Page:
The word effleurage is a French word which means ‘stroke’ and is used to describe a smooth, gliding stroke used primarily in Swedish massage. But also applies to any other form of massage using this technique.
Effleurage techniques can be used all over the body. Like long gliding strokes across the back. As well as smaller muscle groups on massages such as on the face, head and hands.
The exact techniques, along with the speed and pressure will vary depending on the therapist, the client, and the problems that are being worked on. It’s allows for a versatile approach and can be tailored to suit a clients needs.
A therapy session will typically start off with some light effleurage techniques to test the areas being worked no and get the clienit used to the touch. Then other massage techniques will be used, such as tapotement and petrissage strokes and techniques.
Massage oil is generally applied to aid the techniques and improve the experience for the client. Deep effleurage techniques involve using some firm pressure and the need to slide easily around the clients skin.
The movements are generally guided toward the heart and from the extremities inwards. With the retuning strokes being softer and moving away from the centre of the body. This works with the body’s own blood flow and natural energy.
The therapy is incredibly relaxing and very effective at working out those tissue and muscle issues. The deep strokes will work out stubborn knots and leave the client feeling rejuvenated and relaxed.
What to Expect from an Effleurage Massage
Effleurage massage techniques are among the most basic and commonly used techniques. This isn’t a bad thing, and doesn’t mean it’s easy for anyone to do. More so it’s a reflection on how effective these techniques are and why they are used so commonly.
A key to this type of massage is that several different techniques get chained together without the therapist removing their hands off the clients body. Also, these strokes can be performed anywhere on the body. With adjustments being made for the area being targeted.
The strokes and movements used are relevantly slow and smooth compared to a lot of other techniques. With continuous strokes using the flat part of the hands. The therapist keeps their fingers together, and works them into the client’s body in a relaxing way.
The pressure is delivered from the palm of the hand. With an application of oil this comfortable for the client, and even with a great deal of pressure it should never be uncomfortable. When there is a need to work out knots and pain points there will be some discomfort of course, but the end result is a healing and relaxed feeling.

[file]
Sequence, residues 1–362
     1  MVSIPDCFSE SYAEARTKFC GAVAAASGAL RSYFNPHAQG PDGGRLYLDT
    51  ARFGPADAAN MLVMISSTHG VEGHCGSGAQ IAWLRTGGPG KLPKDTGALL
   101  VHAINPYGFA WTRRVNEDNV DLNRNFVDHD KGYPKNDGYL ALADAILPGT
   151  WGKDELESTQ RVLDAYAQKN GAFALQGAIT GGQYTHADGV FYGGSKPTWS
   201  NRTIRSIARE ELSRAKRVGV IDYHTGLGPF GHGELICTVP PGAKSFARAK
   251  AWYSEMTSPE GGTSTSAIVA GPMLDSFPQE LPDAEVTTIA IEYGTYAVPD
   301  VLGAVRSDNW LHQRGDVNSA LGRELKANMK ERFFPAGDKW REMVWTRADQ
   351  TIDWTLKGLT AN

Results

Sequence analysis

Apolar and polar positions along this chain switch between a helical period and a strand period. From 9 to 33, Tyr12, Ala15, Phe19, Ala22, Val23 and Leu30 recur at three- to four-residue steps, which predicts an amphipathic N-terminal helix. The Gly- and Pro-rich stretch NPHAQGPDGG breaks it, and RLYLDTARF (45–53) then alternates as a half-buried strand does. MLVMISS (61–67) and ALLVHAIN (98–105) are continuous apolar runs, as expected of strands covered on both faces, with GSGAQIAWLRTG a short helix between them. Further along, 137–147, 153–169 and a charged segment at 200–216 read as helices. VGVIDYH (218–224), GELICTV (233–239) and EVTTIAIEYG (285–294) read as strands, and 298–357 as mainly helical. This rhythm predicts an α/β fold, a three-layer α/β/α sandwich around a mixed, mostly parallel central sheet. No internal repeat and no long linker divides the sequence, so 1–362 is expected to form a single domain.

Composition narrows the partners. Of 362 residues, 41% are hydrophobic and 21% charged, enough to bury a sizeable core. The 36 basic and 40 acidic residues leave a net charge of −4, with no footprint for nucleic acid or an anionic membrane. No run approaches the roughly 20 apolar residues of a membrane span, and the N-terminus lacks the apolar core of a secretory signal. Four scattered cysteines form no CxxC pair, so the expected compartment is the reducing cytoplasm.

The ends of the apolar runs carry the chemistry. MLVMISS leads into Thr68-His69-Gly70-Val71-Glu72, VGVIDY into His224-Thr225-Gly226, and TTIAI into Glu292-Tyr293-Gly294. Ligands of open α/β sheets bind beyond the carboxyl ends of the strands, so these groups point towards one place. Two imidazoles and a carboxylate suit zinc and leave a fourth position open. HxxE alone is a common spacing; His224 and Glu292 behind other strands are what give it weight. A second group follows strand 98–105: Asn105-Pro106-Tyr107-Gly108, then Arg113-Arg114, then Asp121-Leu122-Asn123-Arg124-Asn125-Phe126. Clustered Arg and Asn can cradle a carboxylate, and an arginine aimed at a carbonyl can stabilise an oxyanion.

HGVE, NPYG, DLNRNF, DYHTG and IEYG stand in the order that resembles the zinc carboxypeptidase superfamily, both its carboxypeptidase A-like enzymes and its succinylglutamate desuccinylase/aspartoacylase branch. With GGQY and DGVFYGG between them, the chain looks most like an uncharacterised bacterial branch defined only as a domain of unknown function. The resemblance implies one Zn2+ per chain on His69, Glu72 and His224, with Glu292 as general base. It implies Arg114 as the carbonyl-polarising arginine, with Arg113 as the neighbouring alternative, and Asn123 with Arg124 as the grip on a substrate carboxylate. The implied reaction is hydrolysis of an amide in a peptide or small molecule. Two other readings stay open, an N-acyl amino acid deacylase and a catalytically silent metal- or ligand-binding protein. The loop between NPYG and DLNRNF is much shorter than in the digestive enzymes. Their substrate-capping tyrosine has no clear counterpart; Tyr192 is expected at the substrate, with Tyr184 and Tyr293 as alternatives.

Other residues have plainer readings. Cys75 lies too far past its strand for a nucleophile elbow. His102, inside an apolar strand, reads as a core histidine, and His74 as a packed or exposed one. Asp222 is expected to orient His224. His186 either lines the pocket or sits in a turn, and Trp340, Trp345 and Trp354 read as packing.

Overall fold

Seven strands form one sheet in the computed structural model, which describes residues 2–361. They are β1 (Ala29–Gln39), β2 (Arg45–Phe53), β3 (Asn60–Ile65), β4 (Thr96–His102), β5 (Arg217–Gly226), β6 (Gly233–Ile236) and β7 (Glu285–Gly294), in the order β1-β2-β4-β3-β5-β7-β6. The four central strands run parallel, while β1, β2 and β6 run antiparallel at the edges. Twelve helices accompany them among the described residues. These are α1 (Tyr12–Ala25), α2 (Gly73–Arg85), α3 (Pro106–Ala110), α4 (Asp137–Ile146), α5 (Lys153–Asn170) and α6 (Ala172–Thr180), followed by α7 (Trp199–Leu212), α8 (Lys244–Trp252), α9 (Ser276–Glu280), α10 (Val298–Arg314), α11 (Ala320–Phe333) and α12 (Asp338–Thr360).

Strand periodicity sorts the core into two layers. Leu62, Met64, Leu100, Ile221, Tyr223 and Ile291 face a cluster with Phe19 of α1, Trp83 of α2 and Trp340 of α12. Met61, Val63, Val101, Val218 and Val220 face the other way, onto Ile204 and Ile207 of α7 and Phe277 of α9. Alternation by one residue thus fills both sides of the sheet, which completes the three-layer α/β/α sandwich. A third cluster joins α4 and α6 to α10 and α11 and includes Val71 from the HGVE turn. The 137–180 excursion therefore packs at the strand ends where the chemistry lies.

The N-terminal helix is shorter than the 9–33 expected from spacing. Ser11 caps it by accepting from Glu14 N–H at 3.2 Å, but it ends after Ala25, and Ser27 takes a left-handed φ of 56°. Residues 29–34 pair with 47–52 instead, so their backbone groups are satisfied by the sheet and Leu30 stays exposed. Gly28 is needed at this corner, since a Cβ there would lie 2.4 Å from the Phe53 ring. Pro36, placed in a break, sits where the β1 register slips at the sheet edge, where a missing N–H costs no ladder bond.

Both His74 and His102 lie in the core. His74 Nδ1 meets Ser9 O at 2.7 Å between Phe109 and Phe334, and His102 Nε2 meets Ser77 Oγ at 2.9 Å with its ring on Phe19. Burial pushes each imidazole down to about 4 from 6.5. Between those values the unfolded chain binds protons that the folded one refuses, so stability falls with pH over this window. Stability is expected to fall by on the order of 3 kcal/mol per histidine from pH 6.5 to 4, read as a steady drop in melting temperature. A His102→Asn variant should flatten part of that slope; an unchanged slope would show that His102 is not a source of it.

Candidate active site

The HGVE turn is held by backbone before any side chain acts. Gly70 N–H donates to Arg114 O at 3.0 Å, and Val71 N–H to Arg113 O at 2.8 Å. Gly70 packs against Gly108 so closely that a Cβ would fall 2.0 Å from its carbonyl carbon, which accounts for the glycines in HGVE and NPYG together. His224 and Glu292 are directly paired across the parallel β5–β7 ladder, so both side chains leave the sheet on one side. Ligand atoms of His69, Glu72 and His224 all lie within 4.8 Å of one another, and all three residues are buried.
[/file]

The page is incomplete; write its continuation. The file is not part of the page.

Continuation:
Effleurage strokes are repeated many times over the same areas on the body as the therapist works though muscle groups. This helps relax the muscles and has a range of other benefits, such as:
- Working out knots and muscle pains
- Stimulating the nerves in the skin and tissue
- Relaxes muscle fibers
- Stimulates the skin to renew cells
- Stimulating blood and oxygen flow to muscles
Maintaining continual contact through the therapy session is an important part of the process. A therapist will take their hands off the client only after several different techniques and types of strokes have been worked through.
A Look at the Four Basic Massgage Types of Movement
Effleurage makes up one of the four basic types of movement used in massage therapy. All four are:
Let’s take a closer look at these movements and how they differ from each other.
As already covered in detail in this article. Effleurage techniques consist of long, soothing stroking motions using the flat side of the hand. With the direction of the strokes going towards the heart to improve lymph flow and circulation.
Petrissage techniques involve various types of strokes and movements. Such as rolling, kneading, and picking at the skin and muscles. The intention here is to strengthen the structure of the fibers and tissues.
Supplying more blood and oxygen to the areas being worked on. Improving the flow of the lymph, and giving the client a complete all-round massage therapy.
Friction is a technique applied from using the knuckles, fingertips and thumb and applying deep pressure into a particular area or muscle. Also known as ‘connective tissue massage’, friction is commonly used to tackle specific issues.
Pressing motions and digging in with the knuckles loosen up the muscles for a more effective massage to work out any knots and tightness.
Tapotement is a term for several movements that involve a percussion rhythm. These include hacking, cupping, pummelling, and pounding. This type of massage is intended to be used on fleshy or large muscle groups at the impact can be painful on bony areas.
It’s particularly effective at toning and strengthening skin and muscles. Cellulite and the effects of aging can be worked on, along with some really relaxing and soothing effects.